The Power of the Dog
Art House, Drama, Thriller
2 hours 7 minutes
Age restriction:
R13 ( Animal cruelty & content that may disturb )
Kellan Lutz
George Tillman Jr.,
Keith Carradine,
Jesse Plemons,
Kirsten Dunst,
Thomasin McKenzie,
Benedict Cumberbatch,
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The Power of the Dog

2 hours 7 minutes | Rated R13 ( Animal cruelty & content that may disturb )

Charismatic rancher Phil Burbank inspires fear and awe in those around him. When his brother brings home a new wife and her son, Phil torments them until he finds himself exposed to the possibility of love.

Severe, pale-eyed, handsome, Phil Burbank is brutally beguiling. All of Phil’s romance, power and fragility is trapped in the past and in the land: He can castrate a bull calf with two swift slashes of his knife; he swims naked in the river, smearing his body with mud. He is a cowboy as raw as his hides. The year is 1925. The Burbank brothers are wealthy ranchers in Montana. At the Red Mill restaurant on their way to market, the brothers meet Rose, the widowed proprietress, and her impressionable son Peter. Phil behaves so cruelly he drives them both to tears, reveling in their hurt and rousing his fellow cowhands to laughter — all except his brother George, who comforts Rose then returns to marry her. As Phil swings between fury and cunning, his taunting of Rose takes an eerie form — he hovers at the edges of her vision, whistling a tune she can no longer play. His mockery of her son is more overt, amplified by the cheering of Phil’s cowhand disciples. Then Phil appears to take the boy under his wing. Is this latest gesture a softening that leaves Phil exposed, or a plot twisting further into menace?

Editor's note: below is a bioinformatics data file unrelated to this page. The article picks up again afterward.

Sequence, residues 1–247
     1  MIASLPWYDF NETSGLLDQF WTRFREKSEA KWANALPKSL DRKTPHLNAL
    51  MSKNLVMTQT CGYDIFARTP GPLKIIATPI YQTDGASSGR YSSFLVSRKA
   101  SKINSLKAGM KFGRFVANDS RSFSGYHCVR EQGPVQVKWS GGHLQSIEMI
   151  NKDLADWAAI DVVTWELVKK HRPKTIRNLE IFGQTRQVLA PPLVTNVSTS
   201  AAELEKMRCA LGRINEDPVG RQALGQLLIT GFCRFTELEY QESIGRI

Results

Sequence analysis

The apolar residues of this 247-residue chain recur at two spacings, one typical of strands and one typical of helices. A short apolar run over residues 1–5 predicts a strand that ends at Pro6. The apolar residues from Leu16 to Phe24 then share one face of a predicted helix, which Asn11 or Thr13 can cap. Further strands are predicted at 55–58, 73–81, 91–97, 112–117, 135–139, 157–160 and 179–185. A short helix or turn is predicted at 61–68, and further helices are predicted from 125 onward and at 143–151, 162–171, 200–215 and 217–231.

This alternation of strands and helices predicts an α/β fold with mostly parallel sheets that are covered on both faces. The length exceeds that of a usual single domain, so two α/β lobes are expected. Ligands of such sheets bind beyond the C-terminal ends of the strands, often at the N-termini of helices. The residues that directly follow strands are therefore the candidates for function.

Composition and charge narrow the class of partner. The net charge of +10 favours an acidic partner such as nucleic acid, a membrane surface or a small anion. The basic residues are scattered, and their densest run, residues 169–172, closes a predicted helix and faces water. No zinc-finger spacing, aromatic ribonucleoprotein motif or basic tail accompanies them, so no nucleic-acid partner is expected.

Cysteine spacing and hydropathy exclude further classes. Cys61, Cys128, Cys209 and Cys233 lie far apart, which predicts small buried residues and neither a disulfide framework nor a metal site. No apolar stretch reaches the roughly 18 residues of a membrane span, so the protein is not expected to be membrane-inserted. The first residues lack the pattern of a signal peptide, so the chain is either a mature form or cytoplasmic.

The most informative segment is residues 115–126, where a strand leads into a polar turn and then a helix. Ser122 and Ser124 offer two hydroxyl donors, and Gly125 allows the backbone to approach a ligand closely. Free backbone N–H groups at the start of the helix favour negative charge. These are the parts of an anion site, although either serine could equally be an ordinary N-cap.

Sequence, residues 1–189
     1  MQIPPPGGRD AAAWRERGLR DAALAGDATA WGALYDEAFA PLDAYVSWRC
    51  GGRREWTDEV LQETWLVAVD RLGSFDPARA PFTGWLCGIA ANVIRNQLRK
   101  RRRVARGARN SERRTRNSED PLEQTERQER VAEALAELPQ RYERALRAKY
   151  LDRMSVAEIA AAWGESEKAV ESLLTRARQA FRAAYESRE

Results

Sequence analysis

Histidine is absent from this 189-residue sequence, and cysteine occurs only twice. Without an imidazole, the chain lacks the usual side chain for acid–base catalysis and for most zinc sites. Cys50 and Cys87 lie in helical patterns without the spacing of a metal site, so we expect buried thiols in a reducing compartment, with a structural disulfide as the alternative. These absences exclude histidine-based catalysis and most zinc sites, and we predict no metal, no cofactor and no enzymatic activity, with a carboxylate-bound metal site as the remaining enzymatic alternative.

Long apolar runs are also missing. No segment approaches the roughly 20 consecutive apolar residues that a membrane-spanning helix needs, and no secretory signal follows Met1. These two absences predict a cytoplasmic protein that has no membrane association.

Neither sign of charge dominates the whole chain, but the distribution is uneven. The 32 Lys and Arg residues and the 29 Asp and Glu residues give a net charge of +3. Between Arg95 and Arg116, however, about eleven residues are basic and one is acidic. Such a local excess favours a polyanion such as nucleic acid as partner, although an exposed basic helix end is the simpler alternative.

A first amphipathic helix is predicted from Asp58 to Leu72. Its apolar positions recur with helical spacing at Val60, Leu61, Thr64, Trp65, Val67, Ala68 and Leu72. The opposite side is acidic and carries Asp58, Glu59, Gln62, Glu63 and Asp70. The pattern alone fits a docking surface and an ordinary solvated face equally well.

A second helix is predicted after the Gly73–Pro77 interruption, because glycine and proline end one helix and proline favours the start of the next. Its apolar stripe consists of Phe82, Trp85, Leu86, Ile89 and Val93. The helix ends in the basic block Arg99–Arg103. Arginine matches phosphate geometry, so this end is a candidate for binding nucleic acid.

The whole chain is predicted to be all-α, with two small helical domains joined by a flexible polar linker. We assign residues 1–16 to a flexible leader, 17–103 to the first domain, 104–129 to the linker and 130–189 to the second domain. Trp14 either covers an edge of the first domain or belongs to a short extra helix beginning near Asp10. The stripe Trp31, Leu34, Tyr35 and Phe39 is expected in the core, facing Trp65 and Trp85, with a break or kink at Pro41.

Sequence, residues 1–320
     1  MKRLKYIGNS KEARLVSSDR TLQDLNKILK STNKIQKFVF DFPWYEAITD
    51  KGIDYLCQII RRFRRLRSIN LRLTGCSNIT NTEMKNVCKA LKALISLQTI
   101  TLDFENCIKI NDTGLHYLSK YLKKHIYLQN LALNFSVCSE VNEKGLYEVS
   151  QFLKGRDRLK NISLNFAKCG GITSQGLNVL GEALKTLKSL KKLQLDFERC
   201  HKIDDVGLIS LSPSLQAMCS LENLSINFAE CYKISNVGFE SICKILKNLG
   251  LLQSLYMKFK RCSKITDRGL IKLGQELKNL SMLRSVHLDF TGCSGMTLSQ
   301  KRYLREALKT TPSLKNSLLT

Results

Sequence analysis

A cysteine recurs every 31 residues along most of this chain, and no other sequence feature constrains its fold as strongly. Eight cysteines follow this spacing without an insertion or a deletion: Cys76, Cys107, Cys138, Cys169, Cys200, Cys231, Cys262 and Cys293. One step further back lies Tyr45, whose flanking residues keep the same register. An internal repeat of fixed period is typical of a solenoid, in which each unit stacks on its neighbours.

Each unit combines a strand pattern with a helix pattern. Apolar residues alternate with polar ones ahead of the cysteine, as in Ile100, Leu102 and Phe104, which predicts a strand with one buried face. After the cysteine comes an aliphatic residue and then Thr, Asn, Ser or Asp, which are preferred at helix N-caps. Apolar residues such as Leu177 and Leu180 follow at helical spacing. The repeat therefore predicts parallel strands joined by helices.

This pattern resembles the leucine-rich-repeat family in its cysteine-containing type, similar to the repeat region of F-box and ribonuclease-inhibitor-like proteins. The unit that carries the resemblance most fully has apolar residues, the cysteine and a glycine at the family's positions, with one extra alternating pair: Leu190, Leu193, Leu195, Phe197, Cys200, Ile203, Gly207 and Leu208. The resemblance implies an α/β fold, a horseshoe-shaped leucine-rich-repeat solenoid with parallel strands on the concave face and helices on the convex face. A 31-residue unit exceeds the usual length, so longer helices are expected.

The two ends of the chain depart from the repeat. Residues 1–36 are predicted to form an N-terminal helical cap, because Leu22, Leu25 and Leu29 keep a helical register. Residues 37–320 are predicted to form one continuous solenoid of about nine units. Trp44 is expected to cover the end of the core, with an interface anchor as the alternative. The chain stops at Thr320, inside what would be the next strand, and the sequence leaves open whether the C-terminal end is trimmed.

The film ripples underneath with a prickly modern sensibility. Slant Magazine

Because Campion plays her hand so slowly, The Power of the Dog keeps us off-balance as to the true nature of the tension; it’s the rare drama where it’s legitimately hard to know what’s coming next. The Ringer

Superb direction, a carefully calibrated screenplay and an excellent supporting cast make this awards catnip. Toronto Star

[Its] themes of isolation and toxic masculinity are an ever-tightening lasso of seemingly innocuous events, and they import more horror and meaning on every closer inspection, corralling viewers under an unforgettable spell. Polygon

Campion builds the tension slowly and emphatically, telegraphing the perils ahead. Yet when the two-edged climax comes it’s powerfully unexpected. Globe and Mail


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